Former Indiana pastor, sons plead not guilty to fraud

The Associated Press/July 8, 2009

Indianapolis - A former pastor and his sons charged with bilking church members nationwide out of millions of dollars pleaded not guilty Wednesday, the same day state officials announced increased penalties for such schemes.

Prosecutors say Vaughn Reeves Sr., 65, and his three sons set up a company called Alanar Inc. and used it to dupe church members into a Ponzi scheme that played on their faith. They are accused of urging the members to purchase bonds to support church construction projects and using the money to buy themselves planes and sports cars.

The alleged scheme is an example of what investigators call affinity fraud, where groups are targeted because of factors such as their religious beliefs, age or ethnic origin.

Indiana Secretary of State Todd Rokita said the Legislature recently increased the penalties for affinity fraud, a felony, to six to 20 years in prison and a $10,000 fine. The charge had carried a prison term of two to eight years.

Indiana is believed to be the only state with a law targeting affinity fraud, which has been on the rise in recent years, said Bob Webster, a spokesman for the North American Securities Administrators Association in Washington.

"Unfortunately, this is a type of crime we're seeing more and more of in Indiana," Rokita said in a statement. "The Alanar case serves as a good example of why you should never make an investment based solely on the reputation of the person or the testimony of others, but should also do additional homework using the resources of our office."

Reeves and his sons are accused of duping about 11,000 people into buying bonds worth $120 million, diverting money from new investments to pay off previous investors and pocketing about $6 million.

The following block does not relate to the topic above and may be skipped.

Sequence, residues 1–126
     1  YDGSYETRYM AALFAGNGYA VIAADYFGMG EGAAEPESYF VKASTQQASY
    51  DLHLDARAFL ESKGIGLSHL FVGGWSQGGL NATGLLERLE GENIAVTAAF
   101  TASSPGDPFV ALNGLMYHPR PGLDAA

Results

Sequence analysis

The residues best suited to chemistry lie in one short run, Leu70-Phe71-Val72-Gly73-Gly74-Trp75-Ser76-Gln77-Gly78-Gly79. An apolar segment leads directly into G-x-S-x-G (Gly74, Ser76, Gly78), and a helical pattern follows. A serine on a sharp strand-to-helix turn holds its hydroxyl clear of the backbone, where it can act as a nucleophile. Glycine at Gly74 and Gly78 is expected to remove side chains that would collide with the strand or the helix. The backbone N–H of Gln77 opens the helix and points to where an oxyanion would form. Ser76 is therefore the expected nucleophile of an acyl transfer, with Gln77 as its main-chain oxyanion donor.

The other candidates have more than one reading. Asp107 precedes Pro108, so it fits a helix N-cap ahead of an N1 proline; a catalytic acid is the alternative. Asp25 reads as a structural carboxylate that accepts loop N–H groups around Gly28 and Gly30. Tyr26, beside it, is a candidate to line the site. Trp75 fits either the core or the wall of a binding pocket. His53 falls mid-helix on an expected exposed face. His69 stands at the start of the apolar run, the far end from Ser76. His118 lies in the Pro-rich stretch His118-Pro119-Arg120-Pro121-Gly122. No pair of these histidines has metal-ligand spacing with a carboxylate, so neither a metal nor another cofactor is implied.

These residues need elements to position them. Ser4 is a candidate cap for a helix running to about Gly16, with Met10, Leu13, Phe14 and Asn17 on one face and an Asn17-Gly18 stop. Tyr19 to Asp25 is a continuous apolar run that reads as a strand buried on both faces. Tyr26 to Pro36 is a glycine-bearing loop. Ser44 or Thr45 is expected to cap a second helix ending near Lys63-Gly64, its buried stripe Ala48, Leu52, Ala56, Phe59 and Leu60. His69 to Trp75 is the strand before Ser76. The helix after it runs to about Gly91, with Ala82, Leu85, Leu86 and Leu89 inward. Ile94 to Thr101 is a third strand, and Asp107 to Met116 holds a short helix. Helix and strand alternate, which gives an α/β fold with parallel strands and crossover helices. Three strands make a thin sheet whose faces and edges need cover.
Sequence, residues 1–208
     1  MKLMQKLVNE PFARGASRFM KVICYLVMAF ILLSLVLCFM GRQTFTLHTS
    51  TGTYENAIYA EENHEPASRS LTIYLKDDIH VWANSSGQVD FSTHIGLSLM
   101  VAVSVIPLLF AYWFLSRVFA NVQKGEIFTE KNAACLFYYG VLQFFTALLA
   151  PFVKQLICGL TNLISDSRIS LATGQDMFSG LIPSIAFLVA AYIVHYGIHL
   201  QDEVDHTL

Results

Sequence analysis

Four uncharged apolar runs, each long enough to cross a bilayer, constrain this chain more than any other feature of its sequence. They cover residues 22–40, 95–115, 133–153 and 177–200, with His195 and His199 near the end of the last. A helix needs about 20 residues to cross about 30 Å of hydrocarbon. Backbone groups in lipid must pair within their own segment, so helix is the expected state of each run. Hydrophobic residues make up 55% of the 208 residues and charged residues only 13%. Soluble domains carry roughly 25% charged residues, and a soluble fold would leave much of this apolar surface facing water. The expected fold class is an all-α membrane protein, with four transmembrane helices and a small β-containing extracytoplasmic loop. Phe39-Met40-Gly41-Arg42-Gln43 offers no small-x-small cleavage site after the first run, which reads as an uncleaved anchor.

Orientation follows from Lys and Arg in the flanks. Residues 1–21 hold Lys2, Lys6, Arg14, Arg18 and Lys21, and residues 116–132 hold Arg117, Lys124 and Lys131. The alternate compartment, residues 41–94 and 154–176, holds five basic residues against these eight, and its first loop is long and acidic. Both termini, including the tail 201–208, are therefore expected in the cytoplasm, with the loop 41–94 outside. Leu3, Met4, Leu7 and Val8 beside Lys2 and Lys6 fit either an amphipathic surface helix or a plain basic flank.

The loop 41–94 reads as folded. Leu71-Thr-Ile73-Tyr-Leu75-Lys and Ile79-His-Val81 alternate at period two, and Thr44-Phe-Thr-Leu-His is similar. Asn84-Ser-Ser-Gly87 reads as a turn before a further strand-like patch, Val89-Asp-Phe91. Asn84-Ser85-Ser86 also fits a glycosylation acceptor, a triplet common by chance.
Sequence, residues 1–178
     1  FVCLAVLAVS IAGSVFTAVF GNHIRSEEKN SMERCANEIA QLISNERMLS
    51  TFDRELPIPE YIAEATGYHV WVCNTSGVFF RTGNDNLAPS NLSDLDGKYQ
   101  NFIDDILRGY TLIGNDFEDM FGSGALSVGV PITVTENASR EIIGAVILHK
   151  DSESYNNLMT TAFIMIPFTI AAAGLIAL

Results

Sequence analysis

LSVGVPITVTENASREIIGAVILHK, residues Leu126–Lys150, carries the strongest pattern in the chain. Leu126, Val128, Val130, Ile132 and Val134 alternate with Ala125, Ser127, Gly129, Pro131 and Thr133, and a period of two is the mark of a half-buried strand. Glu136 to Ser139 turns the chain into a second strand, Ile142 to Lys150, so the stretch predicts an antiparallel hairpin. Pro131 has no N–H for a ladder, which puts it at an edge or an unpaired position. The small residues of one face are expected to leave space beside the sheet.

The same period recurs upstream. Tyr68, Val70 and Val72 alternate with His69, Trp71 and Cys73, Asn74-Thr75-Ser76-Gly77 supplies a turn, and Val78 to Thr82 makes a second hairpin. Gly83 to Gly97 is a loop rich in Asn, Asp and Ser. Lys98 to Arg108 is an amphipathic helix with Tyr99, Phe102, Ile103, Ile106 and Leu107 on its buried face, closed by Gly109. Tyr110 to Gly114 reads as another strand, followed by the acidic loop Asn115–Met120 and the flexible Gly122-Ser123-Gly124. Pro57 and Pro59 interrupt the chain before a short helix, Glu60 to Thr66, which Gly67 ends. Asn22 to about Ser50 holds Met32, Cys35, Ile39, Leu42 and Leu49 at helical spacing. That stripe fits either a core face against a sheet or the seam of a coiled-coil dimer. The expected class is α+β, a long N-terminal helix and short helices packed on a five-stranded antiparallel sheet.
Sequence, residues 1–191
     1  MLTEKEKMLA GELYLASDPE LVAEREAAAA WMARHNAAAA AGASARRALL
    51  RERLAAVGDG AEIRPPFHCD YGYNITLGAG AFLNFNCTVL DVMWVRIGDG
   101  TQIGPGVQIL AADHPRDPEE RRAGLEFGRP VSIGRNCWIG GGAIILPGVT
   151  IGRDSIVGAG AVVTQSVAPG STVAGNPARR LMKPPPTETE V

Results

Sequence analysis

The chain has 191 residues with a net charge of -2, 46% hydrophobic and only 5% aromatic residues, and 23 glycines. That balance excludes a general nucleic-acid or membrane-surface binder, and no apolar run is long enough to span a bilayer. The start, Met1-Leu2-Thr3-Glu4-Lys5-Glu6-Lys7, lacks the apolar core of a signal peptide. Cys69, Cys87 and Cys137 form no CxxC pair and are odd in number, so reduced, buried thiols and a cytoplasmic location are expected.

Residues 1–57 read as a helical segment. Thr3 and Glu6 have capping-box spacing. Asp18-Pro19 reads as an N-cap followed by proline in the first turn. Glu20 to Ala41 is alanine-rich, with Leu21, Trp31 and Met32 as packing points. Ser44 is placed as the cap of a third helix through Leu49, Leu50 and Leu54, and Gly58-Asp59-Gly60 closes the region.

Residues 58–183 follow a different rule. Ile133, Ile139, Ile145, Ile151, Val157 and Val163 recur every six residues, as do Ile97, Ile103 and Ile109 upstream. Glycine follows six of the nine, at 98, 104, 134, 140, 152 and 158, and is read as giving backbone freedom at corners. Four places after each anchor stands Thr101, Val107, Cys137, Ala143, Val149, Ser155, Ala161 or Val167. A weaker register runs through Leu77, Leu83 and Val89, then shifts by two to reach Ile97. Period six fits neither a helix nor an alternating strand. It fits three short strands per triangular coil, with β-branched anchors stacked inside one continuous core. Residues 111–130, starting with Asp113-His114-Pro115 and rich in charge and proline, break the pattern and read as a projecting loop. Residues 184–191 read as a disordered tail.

Investigators believe the men assembled teams of church members to sell bonds to other church members. The members were given training materials that instructed them to open sales calls with a prayer and to quote scripture. As the scheme progressed over about five years, the Reeveses allegedly shuffled incoming money between various accounts to hide defaults by churches and their own thefts so they could make scheduled interest payments to investors.

Officials say the scheme operated mainly in Indiana, though church members in other states, including Florida, Michigan, Maryland and Oklahoma, also were victimized.

"I've seen firsthand the financial devastation that can be caused by affinity fraud. Good people who thought they were doing the right thing end up losing their life savings," said Bob Hunley, prosecutor is western Indiana's Sullivan County.

Reeves and his sons - Chip, 44; Chris, 40; and Josh, 32 - are charged in Sullivan County with securities fraud and are being held on $1.5 million cash bond.

A judge on Wednesday appointed defense attorneys for Vaughn Reeves, Chris Reeves and Josh Reeves.

Chris Reeves' attorney, Jeff Johnson of Sullivan, said he would seek to have his client's trial moved to another county but otherwise declined to comment.

Lawyers for the others did not immediately return messages left Wednesday seeking comment.

In a separate civil case brought by the Securities and Exchange Commission, a federal judge in 2005 froze Alanar's assets and appointed a receiver.

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